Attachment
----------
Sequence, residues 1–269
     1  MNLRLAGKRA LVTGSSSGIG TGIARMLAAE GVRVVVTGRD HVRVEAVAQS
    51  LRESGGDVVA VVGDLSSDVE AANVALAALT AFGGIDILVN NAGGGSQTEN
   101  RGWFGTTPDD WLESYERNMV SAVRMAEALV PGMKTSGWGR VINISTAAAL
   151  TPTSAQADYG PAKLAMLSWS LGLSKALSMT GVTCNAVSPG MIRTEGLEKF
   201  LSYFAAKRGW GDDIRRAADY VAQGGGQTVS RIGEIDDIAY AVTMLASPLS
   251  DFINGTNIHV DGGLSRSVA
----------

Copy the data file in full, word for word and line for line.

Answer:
Sequence, residues 1–269
     1  MNLRLAGKRA LVTGSSSGIG TGIARMLAAE GVRVVVTGRD HVRVEAVAQS
    51  LRESGGDVVA VVGDLSSDVE AANVALAALT AFGGIDILVN NAGGGSQTEN
   101  RGWFGTTPDD WLESYERNMV SAVRMAEALV PGMKTSGWGR VINISTAAAL
   151  TPTSAQADYG PAKLAMLSWS LGLSKALSMT GVTCNAVSPG MIRTEGLEKF
   201  LSYFAAKRGW GDDIRRAADY VAQGGGQTVS RIGEIDDIAY AVTMLASPLS
   251  DFINGTNIHV DGGLSRSVA